When it comes to the rise in house prices, Groningen is the new Amsterdam, according to real estate data company Calcasa.
House prices rose by an average of 11.6% in the northern capital in the previous quarter – the biggest increase in all towns and cities where over 5,000 homes changed hands.
By contrast Amsterdam, where prices have consistently risen more than elsewhere, was bottom of the ranking with an average rise of 5.7%.
One reason for the rising popularity of Groningen is the coronavirus crisis, which has meant far more people are working at home, Calcasa said. ‘People are coming to realise that even after coronavirus, people will work more at home, and this means people can live further away from the office than before,’ the report said.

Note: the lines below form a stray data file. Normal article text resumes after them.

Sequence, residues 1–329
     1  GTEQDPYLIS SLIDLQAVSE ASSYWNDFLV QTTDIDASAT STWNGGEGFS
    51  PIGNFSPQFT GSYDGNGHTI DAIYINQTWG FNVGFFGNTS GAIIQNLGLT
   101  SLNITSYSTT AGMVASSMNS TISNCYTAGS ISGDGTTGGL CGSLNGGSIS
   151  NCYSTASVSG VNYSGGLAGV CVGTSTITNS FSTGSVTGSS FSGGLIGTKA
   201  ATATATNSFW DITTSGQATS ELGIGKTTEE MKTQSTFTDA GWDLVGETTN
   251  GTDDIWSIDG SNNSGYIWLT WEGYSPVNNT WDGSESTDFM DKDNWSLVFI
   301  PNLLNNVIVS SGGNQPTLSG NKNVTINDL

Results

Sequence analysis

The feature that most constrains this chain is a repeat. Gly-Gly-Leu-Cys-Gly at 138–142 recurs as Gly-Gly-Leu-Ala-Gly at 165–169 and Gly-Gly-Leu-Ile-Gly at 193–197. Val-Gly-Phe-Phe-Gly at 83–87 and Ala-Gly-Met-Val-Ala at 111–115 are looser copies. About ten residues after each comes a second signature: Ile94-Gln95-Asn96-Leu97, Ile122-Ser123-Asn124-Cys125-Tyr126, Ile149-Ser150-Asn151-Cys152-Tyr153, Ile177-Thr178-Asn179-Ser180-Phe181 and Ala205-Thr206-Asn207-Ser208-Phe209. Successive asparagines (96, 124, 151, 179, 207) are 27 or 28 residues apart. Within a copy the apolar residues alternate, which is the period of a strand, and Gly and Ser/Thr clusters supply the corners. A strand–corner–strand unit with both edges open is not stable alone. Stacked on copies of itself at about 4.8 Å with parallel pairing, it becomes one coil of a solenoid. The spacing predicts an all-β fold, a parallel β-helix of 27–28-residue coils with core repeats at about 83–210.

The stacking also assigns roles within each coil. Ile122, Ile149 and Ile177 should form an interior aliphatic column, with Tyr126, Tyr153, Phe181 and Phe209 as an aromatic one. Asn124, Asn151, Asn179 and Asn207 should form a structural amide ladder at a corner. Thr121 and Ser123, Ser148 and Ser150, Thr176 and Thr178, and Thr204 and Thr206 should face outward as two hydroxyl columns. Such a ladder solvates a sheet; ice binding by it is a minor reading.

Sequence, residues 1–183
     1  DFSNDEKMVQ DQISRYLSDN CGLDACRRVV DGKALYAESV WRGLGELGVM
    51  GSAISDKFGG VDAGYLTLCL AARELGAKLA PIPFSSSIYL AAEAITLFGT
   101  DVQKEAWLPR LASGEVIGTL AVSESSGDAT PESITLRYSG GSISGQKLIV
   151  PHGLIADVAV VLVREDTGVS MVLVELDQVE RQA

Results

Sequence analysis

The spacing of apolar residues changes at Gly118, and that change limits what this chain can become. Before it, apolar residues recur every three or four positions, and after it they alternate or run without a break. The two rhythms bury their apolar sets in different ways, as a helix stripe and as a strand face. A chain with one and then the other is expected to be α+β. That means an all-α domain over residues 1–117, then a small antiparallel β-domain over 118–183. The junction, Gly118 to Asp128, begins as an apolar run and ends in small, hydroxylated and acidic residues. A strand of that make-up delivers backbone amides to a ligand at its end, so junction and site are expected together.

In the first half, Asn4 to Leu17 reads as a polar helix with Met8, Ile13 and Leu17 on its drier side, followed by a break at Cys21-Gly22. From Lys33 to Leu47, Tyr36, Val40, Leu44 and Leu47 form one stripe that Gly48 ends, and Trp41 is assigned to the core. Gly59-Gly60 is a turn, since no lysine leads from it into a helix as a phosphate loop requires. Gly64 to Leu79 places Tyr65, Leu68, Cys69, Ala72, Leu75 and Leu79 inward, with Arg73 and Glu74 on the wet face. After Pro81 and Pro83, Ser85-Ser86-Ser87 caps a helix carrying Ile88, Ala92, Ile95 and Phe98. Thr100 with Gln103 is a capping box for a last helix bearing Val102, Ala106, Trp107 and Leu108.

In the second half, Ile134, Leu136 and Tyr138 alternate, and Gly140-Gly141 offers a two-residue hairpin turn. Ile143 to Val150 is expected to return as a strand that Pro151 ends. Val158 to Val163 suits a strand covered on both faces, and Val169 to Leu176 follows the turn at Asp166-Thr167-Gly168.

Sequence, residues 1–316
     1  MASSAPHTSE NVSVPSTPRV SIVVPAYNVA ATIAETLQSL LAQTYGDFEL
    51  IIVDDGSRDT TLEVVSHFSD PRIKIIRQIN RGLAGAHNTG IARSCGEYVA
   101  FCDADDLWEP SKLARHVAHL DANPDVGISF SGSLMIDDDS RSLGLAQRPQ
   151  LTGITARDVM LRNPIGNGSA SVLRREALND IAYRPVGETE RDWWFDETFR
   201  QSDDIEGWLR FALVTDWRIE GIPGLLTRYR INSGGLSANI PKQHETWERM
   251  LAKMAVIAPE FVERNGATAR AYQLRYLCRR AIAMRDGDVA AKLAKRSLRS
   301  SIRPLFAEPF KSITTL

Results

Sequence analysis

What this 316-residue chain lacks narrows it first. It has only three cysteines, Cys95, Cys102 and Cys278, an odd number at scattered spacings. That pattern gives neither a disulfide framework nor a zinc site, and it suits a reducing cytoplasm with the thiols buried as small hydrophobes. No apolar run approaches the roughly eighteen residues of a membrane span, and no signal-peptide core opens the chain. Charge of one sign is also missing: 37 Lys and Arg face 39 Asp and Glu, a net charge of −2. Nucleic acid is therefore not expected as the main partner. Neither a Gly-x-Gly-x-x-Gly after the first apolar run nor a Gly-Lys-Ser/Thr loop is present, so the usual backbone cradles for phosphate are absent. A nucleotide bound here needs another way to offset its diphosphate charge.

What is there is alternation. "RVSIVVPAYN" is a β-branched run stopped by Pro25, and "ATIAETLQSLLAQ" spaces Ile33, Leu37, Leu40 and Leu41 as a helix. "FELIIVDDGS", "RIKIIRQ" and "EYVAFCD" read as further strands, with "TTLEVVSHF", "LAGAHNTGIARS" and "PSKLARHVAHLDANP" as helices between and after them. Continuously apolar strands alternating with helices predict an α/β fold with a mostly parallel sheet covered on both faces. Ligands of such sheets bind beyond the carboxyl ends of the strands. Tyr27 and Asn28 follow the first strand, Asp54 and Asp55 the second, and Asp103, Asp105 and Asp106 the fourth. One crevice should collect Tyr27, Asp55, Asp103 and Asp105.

This picture is reinforced by the fact that the price of flats and houses have risen by similar amounts, unlike in previous years when flats rose faster in price.
Nevertheless, house prices in Amsterdam have gone up more than anywhere else in the country since reaching a low point after the 2008 credit crisis. Since the recovery started in 2013, house prices in the capital have risen 92%. In Utrecht the increase was 88% and in Rotterdam and The Hague 85% and 77% respectively.